New Delhi: The Special Rapporteur appointed by the United Nations Human Rights Council, has said that the Bharatiya Janata Party (BJP) in India has been linked to incidents of violence against members of the Scheduled Castes (SC), Muslim, tribals and Christian communities.
E. Tendayi Achiume, in her report on 'Contemporary forms of racism, racial discrimination, xenophobia' has mentioned that reports have documented the use of inflammatory remarks by BJP leaders against minority groups, and the rise of vigilantism targeting Muslims and SCs.
Her report also mentioned a letter sent in May 2018 by the Special Rapporteur to the Government of India concerning the updating of the National Register of Citizens (NRC) in which attention was drawn towards heightened concerns of the Bengali Muslim minority.
The Special Rapporteur mentioned several examples in her report that were drawn from different sources, including submissions received by her in response to the call for input for the present report. Referring to racist, xenophobic violence, hate crimes and hate speech, the report pointed out instances of several countries where politicians in the government have made racist and xenophobic statements.
About India, the report said: "In India, the election of the Hindu nationalist Bharatiya Janata Party (BJP) has been linked to incidents of violence against members of Dalit, Muslim, tribal and Christian communities. Reports document the use of inflammatory remarks by BJP leaders against minority groups, and the rise of vigilantism targeting Muslims and Dalits" while quoting Human Rights Watch submission to the Human Rights Council universal periodic review of India.
While talking about institutionalisation of structural and other forms of exclusion, the report mentioned that 'nationalist populist parties' in some places have implemented administrative and other rules leading to the exclusion of minority groups from official citizen registries on the basis of claims that they are irregular migrants, notwithstanding evidence showing that they are entitled to citizenship.
In this context, the report said: "In May 2018, the Special Rapporteur addressed a letter to the Government of India concerning the updating of the National Register of Citizens, a process governed by local authorities in the state of Assam. The letter drew attention to the heightened concerns of the Bengali Muslim minority, who have historically been portrayed as foreigners despite having lived in India for generations, even preceding the colonial era. Since 1997, the Election Commission of India has arbitrarily identified a large number of Bengali people as so-called "doubtful or disputed voters", resulting in their further disenfranchisement and the loss of entitlements to social protection as Indian citizens. While many have affirmed that the updating process is generally committed to retaining Indian citizens on the National Register of Citizens, concerned parties fear that local authorities in Assam, who are deemed to be particularly hostile towards Muslims and people of Bengali descent, may manipulate the verification system in an attempt to exclude many genuine Indian citizens from the updated Register."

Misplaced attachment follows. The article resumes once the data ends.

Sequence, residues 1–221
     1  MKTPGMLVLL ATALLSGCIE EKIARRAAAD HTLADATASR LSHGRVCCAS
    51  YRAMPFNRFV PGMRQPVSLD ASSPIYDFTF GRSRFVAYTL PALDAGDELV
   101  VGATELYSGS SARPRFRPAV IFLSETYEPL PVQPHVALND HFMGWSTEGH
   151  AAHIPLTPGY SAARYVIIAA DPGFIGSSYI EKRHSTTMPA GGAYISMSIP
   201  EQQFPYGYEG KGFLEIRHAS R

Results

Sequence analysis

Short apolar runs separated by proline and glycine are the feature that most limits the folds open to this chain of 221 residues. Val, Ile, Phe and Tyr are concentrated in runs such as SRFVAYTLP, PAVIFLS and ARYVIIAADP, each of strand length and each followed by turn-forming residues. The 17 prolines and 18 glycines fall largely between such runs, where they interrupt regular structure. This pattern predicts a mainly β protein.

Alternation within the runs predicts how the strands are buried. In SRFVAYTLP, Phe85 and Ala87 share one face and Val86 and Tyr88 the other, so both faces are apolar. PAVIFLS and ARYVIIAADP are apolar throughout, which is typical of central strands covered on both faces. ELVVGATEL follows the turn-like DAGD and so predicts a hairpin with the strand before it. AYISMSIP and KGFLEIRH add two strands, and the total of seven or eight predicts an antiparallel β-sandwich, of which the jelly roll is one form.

The Special Rapporteur on contemporary forms of racism, racial discrimination, xenophobia and related intolerance is an independent human rights expert appointed by the United Nations Human Rights Council (UNHRC). The United Nations Secretary General's Secretariat has sent this report to the UN General Assembly for discussion.
The report also mentioned several other countries like Australia, the United States and Europe where politicians in government have used print and social media to make racist and xenophobic statements that have included promises to adopt policies targeting specific racial, ethnic and religious groups, even when such policies would violate existing laws.